New legislation aims to let age pensioners work more

New legislation is being introduced into parliament today to increase the number of hours age pensioners can work before their payment is cut.

The private member’s bill is being put forward by independent MP Rebekha Sharkie and is intended to address worker shortages in multiple industries, The Australian reports.

Older Australians could be the big winners. Under current rules, a single person on an Age Pension can earn up to $180 per fortnight, plus a further $300 under the Work Bonus scheme, for a total of $480.

Any money earned after that reduces their pension payments by 50 cents in the dollar. Ms Sharkie’s proposal seeks to increase this income test threshold.

Read: Lump sums and the Age Pension

As well as a being a boon to many Australians’ retirement savings, it’s hoped the change would help to fill the more than 480,000 vacancies across the country.

With skilled migration collapsing in the wake of the pandemic, Ms Sharkie says businesses are ‘crying out’ for more workers.

“In our seniors, we have an experienced workforce that, like many Australians, is facing cost-of-living pressures and wants the opportunity to earn a wage without being unfairly penalised,” she says.

“This is a single solution to two major issues that just makes sense.”

Read: What assets do I need to declare when applying for the Age Pension?

The proposal has the backing of major business groups, including the National Farmers Federation, Council of Small Business Organisations Australia, National Seniors Australia and mining magnate Gina Rinehart.

“In addition to income tax, their pension income is also taxable,” Ms Rinehart said in a statement.

“It means thousands of vulnerable working pensioners who have limited savings are being penalised at a tax rate that is higher than the wealthiest Australians in the top income tax bracket.”

Ian Henschke, chief advocate at National Seniors Australia, is also lobbying the federal government to have employment income exempted from the pension income test entirely, as occurs in New Zealand.

Read: Ageism keeping older Australians out of the workforce

“At the moment, it’s a giant disincentive not to work and it just doesn’t make economic sense … if you work more than one day a week and you lose 50 cents in the dollar,” he told Channel Nine.

He also said the fact that Australia punishes its senior citizens for working makes us wildly out of step with the rest of the developed world.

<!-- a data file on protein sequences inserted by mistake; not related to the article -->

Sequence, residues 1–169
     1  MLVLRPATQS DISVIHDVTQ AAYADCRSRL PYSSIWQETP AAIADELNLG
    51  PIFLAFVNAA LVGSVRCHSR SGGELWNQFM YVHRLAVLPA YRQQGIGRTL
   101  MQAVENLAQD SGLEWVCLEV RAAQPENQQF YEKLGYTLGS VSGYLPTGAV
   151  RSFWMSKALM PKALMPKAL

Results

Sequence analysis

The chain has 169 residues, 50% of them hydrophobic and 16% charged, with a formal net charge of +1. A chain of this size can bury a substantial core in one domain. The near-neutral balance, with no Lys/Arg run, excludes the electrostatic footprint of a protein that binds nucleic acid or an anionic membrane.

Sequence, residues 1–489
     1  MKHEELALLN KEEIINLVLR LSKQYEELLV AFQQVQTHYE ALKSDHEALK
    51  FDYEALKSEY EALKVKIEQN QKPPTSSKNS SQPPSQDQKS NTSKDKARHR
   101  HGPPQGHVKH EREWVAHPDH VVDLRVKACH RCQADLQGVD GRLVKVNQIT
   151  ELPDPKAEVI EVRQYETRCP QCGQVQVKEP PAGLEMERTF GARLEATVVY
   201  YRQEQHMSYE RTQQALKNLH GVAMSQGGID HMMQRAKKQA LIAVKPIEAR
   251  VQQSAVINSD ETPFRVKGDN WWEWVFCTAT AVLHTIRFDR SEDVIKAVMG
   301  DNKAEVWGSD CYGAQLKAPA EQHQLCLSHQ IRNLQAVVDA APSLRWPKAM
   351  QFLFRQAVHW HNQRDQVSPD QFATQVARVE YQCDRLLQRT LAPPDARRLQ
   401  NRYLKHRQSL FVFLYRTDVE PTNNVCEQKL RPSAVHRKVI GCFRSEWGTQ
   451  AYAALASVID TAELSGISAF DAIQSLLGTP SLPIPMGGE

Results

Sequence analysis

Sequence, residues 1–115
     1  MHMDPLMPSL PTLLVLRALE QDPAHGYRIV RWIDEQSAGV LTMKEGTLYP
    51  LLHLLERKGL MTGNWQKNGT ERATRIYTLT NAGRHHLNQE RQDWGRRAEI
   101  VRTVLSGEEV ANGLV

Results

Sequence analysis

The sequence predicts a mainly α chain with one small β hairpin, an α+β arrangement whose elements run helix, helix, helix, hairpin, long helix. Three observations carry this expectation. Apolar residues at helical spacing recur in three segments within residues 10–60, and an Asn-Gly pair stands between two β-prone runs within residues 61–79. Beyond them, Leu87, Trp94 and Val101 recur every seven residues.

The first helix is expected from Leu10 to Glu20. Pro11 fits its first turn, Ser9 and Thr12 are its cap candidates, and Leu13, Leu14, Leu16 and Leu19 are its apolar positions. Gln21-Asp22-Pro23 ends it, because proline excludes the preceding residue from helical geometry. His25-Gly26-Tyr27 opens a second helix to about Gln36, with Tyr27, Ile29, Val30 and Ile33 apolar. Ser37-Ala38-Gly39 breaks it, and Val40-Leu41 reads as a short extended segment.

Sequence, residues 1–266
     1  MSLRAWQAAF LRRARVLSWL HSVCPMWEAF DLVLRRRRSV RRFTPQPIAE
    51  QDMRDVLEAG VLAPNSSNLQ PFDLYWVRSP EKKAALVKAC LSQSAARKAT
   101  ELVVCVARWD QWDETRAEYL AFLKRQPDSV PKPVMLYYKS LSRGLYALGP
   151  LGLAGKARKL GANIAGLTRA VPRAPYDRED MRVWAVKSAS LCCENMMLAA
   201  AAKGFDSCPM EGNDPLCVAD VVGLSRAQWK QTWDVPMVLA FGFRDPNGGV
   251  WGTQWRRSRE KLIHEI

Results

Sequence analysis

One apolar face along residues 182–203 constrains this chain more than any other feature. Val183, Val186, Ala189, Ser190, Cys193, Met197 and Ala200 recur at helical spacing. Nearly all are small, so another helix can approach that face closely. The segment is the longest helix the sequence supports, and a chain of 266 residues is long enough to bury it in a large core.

“We could look at the pensioners as a being a standing grey army ready to jump into action and fill those jobs,” he said.

“We’ve got American presidents in their 70s, we’ve got people like Sir David Attenborough in his 90s – still working.

“The Queen is still working and yet in Australia we say once you reach 66 and a half, we’re going to punish you if you decide to work more than one day a week.”

Are you pleased with the private members bill? Do you believe it will make a difference? If you’re an age pensioner, would you like to work more with penalty? Why not share your thoughts in the comments section below?

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Brad Lockyer
Brad Lockyer
Brad has deep knowledge of retirement income, including Age Pension and other government entitlements, as well as health, money and lifestyle issues facing older Australians. Keen interests in current affairs, politics, sport and entertainment. Digital media professional with more than 10 years experience in the industry.


  1. Great idea and long overdue. The big question is will the fat cats on big salaries with allowances that are more then the pension approve it? My experience is they’ll approve sanctions on pensioners for daring to try and make do and live a reasonable life, while giving themselves generous rewards.

  2. I am 67 & as yet not fully retired as I cannot afford to. I work 2 days a week & lose a lot of my pension. I would love to be able to still get the full pension, get my full pay & stay doing what I love. I work in aged care in the Dementia wing

  3. This is a no brainer. There is no need to INCREASE the amount a pensioner is allowed to earn before it affects their pension. All that is needed is to ABOLISH the restriction entirely, and allow a pensioner to earn as much as they like. Why? Because the tax department will handle this matter anyway. The more you earn, the more tax you will pay, and if you earn enough (a lot) you potentially could end up paying back your pension anyway. This is how NZ does it – they have no income test – they simply allow the income tax system to handle it. This also saves the government expense of administering the income test. Incidentally they don’t bother with an asset test either. Of course such a change might reduce the staffing costs of Centrelink!

    • The problem is that putting thousands of useless Centrelink people out of work will be a nightmare. Almost none of them could ever hope to get a real job outside Centrelink’s sheltered workshop.

      Sadly not one of the public servants I dealt with at Centrelink over the years would ever have got past the first five minutes in a job interview with me. As for Hank, well there is a special place for him in hell when his time comes.

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